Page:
The new species described here is based on four specimens preserved each in distinct pieces of amber that originate from a lowermost Eocene (Ypresian) stratum dated c. 55/52 Ma, i.e. equivalent to the Sparnacian level MP7 of the mammal fauna of Dormaal (Nel et al.1999; de Franceschi & de Plöeg, 2003; Nel & Brasero, 2010), and excavated at the Le Quesnoy farm in Chevrière, near Creil, Oise department, northern France. Oise amber comprises more than 400 ants representing at least 40 morphotypes among six subfamilies (Aria, 2010; Aria et al.2011). The subfamily Formicinae, to which the fossils examined herein belong, is represented by 16 morphotypes and 73 specimens (Aria, 2010; CA, pers. obs.).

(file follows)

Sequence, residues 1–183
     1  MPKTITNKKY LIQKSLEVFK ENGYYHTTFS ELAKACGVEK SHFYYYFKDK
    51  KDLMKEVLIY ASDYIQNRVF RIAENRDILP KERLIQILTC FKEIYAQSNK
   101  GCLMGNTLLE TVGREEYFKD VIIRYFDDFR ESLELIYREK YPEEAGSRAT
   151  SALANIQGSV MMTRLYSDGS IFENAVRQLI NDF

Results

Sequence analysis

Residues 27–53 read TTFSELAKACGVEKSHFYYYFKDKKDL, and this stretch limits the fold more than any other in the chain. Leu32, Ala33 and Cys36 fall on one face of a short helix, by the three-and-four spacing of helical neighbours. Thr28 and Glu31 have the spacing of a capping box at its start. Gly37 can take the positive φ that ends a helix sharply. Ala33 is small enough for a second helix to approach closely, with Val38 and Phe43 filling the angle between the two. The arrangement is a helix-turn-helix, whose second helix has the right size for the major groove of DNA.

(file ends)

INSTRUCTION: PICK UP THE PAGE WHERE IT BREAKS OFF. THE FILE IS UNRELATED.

The amber pieces containing the studied specimens were polished to remove the weathered opaque surface, and some fragments were either embedded in Canada balsam between microscopic slides, or immersed into water or 60/70 % glucose solutions to minimize light scattering during the observations and image capture. Several stereomicroscopes were used for examination, magnifying up to ×200. Photographs were taken with a Nikon D800 camera coupled with a Nikon SMZ25 stereomicroscope, or a Canon 5D Mark II camera coupled to a Leica MZ APO stereomicroscope, and image stacks were merged using Helicon Focus 6.7 software (Helicon Soft Ltd.). The figures were composed with Adobe Illustrator CC2019 and Photoshop CC2019 software.